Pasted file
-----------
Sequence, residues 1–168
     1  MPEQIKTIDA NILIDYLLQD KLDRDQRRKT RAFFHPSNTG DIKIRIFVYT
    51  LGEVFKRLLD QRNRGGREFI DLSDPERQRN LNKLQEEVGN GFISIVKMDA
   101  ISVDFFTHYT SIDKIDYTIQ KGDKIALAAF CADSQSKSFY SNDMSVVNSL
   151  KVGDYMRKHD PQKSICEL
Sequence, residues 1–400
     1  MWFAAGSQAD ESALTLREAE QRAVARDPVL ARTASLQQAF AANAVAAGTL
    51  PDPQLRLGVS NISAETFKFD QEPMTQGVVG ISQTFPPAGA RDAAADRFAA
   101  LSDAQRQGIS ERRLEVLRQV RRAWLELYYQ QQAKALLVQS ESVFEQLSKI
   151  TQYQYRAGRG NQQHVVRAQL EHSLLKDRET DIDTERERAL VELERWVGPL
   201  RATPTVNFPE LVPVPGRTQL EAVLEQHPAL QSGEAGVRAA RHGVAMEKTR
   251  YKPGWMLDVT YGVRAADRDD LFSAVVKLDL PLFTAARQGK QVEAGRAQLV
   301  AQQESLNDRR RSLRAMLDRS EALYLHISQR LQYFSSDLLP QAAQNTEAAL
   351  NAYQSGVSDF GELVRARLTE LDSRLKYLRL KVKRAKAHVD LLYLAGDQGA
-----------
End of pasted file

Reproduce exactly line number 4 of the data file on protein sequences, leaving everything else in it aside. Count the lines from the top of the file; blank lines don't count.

   101  ISVDFFTHYT SIDKIDYTIQ KGDKIALAAF CADSQSKSFY SNDMSVVNSL